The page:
The whole Angama Mara team were all invited to a very special film screening in Angama Mara's Map Room. The movie was The Elephant Queen, a wildlife documentary directed by Victoria Stone and Mark Deebie, released in 2019. It is the story of an elephant matriarch named Athena who leads her herd through a drought in search of water in the Tsavo area of Kenya.
Using stunning cinematography, the film highlights the complex social structures of these intelligent animals while showing the active threats of poaching and habitat loss. The documentary has won several international awards and has been praised for its unique storytelling perspective with a potent message.
After international acclaim, the directors of the movie and organisations involved asked 'what's next'? The one thing that was needed, and arguably the most important, was that communities interacting with elephants on a daily basis had the opportunity to watch the film too.
I got the chance to meet Simatwa who runs the media for The Elephant Queen's mobile cinema. Simatwa has been travelling with a group of creatives for almost two years across Kenya. The campaign is three-fold: screen the documentary at schools and within communities, provide tangible books and literary resources for children and those with no access to internet and lastly, perform an interactive play with actors in costume and have the audience participate.
The Angama Foundation has been delighted to assist The Elephant Queen Outreach Project by facilitating discussions and engaging with the communities in around Angama Mara to arrange screenings of the documentary as the mobile cinema travels across the country. This ties in closely with the Foundation’s commitment to drive conservation education at the surrounding schools, shining a light on the importance of protecting the many elephants that dwell in the area and human-wildlife co-existence.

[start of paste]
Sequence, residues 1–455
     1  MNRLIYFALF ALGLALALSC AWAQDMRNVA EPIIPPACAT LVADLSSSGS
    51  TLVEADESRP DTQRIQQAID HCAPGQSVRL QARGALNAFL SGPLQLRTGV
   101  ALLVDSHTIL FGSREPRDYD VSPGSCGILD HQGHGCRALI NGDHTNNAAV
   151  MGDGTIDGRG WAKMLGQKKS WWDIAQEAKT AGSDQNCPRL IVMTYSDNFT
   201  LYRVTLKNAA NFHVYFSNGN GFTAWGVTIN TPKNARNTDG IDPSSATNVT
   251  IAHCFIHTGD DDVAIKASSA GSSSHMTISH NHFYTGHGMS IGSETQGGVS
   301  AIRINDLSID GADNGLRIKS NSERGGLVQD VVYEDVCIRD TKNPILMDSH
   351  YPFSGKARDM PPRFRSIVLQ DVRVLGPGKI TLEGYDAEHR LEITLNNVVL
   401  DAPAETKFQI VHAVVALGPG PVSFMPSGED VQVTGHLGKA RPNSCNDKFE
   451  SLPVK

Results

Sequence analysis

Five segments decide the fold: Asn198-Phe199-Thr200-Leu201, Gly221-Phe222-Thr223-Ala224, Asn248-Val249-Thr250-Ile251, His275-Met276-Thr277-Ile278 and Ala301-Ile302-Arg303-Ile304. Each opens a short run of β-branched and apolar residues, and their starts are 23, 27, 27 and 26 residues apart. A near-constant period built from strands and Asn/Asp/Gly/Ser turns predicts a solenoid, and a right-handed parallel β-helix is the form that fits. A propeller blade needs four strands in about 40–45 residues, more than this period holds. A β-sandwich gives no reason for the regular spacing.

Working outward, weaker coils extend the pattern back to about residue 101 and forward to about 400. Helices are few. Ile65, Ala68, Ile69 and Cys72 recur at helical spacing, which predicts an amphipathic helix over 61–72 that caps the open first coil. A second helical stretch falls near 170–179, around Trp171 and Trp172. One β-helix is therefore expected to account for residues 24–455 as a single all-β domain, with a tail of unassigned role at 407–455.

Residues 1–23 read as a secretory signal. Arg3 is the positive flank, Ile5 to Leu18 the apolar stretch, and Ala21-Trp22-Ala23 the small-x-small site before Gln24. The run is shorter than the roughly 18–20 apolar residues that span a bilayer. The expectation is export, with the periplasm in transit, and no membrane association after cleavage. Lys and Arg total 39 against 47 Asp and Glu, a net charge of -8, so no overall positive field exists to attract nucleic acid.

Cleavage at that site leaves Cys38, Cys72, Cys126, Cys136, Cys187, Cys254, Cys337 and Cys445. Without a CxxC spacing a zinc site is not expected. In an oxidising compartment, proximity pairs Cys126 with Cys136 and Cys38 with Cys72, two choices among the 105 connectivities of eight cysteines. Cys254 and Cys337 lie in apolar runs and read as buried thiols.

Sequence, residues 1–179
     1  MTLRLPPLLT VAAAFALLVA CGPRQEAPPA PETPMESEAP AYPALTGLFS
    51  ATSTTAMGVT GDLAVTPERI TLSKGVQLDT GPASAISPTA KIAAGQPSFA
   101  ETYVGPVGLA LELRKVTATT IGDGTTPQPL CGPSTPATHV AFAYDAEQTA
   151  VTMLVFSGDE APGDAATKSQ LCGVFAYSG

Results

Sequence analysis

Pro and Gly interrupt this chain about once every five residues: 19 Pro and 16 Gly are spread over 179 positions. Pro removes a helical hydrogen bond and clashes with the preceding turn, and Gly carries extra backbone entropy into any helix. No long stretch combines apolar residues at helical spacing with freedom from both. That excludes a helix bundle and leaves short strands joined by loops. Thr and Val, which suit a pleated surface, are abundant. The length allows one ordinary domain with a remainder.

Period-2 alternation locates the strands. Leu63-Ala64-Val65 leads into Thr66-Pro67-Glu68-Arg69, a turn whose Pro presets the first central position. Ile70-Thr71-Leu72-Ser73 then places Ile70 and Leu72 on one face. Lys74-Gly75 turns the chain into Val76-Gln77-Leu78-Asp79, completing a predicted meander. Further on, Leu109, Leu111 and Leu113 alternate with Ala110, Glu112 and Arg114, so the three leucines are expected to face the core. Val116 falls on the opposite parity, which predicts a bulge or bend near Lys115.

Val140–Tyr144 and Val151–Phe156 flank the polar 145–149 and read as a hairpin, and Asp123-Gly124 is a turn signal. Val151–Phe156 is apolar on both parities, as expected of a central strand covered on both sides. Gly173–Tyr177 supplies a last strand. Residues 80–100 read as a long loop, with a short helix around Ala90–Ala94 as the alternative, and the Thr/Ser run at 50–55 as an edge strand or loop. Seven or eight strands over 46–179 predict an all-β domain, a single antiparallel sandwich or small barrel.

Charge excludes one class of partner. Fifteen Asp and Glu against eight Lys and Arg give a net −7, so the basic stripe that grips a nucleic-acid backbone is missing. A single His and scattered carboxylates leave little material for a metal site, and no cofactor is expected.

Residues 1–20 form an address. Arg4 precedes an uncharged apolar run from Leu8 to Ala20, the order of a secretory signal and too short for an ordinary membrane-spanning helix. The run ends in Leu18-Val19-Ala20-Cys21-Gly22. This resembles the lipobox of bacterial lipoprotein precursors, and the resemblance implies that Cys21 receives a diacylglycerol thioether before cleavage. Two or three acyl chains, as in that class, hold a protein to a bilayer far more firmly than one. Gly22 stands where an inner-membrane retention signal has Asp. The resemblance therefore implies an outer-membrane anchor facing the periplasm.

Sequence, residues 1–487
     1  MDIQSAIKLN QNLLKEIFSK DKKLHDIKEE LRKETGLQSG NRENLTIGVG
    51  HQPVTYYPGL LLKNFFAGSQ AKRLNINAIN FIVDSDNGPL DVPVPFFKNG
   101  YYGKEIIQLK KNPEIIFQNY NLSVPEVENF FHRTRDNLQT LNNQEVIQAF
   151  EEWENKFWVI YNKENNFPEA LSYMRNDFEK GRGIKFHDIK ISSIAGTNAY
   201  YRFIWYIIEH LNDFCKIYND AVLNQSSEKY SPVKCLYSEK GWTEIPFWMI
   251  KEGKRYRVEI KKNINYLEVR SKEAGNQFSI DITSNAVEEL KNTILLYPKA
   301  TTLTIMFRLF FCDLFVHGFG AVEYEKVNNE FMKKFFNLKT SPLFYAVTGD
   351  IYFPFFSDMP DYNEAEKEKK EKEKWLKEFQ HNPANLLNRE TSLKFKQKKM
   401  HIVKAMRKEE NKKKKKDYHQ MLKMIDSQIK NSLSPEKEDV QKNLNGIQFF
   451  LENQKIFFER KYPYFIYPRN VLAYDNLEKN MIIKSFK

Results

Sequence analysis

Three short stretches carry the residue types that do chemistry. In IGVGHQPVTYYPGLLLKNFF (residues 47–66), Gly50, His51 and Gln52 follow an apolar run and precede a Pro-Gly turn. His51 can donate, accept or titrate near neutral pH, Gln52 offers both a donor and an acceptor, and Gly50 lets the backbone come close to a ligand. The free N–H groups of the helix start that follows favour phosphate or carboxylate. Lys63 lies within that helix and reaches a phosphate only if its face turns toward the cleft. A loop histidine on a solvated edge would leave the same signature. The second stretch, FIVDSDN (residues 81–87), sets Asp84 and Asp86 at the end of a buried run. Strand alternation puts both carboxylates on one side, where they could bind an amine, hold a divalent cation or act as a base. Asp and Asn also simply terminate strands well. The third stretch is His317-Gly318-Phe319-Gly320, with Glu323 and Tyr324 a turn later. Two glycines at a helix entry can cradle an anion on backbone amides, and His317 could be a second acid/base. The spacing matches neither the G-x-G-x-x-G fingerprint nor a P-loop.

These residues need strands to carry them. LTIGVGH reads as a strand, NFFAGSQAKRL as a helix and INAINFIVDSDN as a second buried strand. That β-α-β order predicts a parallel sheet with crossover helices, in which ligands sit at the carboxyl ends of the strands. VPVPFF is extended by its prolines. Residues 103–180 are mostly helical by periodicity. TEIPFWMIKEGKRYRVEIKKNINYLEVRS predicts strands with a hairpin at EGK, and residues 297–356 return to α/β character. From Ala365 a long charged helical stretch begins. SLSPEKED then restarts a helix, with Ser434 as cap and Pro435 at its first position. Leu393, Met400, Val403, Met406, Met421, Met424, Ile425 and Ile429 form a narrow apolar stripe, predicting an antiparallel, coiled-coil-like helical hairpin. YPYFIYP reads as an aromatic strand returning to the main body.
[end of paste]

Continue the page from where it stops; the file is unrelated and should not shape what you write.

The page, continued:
How do we move forward? One of the biggest issues identified here in the Mara in particular, and in many other parts of Kenya too, is deforestation and the cutting of trees for coal. One of the main messages that conservation organisations in Kenya is keen to communicate is that if you take care of the land first, then the animal will follow.
The Angama Foundation has worked with nearby schools to start tree nurseries that can be taken home and planted there too. Another critical component to wildlife conservation is connecting wild places. Reserves and conservancies can act as unnatural islands with urban areas blocking the animals from migrating along routes that they have used for generations. Creating wildlife corridors connecting these spaces is an important conservation effort ongoing in Kenya. For us, the most notable is the pinch point in Amboseli which you can read more about here.
Filed under: Stories From The Mara
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